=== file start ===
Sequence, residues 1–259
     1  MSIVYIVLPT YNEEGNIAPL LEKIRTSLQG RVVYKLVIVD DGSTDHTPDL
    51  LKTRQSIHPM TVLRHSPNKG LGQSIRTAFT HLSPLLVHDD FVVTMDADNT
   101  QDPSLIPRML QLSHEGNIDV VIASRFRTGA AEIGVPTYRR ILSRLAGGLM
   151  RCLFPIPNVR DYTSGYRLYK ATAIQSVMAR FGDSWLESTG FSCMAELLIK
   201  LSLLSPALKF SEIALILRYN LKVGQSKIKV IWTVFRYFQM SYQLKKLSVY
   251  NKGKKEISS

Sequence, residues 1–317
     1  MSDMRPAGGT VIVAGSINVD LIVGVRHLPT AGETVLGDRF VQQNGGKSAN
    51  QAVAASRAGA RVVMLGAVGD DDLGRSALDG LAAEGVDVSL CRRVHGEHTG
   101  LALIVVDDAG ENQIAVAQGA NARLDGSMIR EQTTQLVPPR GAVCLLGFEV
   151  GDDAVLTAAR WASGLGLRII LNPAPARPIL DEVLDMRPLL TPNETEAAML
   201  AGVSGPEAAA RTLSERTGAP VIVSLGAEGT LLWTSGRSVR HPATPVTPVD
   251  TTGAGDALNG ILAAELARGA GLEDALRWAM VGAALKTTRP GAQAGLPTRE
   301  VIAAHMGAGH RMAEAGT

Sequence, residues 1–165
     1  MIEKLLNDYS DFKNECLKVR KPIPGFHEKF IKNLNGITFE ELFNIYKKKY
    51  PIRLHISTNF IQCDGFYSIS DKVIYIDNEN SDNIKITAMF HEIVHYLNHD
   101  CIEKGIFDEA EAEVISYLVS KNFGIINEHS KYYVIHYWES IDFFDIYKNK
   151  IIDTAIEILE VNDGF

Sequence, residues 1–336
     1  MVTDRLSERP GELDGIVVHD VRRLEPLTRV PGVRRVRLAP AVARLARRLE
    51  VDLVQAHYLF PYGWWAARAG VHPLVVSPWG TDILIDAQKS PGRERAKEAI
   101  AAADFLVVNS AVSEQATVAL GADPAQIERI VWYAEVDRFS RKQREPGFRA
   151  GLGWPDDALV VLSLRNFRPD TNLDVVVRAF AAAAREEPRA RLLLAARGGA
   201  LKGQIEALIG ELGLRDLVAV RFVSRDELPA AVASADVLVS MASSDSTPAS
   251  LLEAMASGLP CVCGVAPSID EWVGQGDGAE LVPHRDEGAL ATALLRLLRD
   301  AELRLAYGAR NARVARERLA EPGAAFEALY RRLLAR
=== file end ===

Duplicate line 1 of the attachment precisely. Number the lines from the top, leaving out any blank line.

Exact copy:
Sequence, residues 1–259